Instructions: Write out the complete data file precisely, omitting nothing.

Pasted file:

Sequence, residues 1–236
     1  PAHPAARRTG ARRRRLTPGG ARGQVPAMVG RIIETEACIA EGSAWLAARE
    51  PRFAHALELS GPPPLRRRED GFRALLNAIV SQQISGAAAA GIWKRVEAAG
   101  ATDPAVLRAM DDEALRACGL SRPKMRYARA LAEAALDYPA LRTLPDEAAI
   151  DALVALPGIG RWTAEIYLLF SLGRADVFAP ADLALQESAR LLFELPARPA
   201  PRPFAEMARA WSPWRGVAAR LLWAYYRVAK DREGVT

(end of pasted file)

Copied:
Sequence, residues 1–236
     1  PAHPAARRTG ARRRRLTPGG ARGQVPAMVG RIIETEACIA EGSAWLAARE
    51  PRFAHALELS GPPPLRRRED GFRALLNAIV SQQISGAAAA GIWKRVEAAG
   101  ATDPAVLRAM DDEALRACGL SRPKMRYARA LAEAALDYPA LRTLPDEAAI
   151  DALVALPGIG RWTAEIYLLF SLGRADVFAP ADLALQESAR LLFELPARPA
   201  PRPFAEMARA WSPWRGVAAR LLWAYYRVAK DREGVT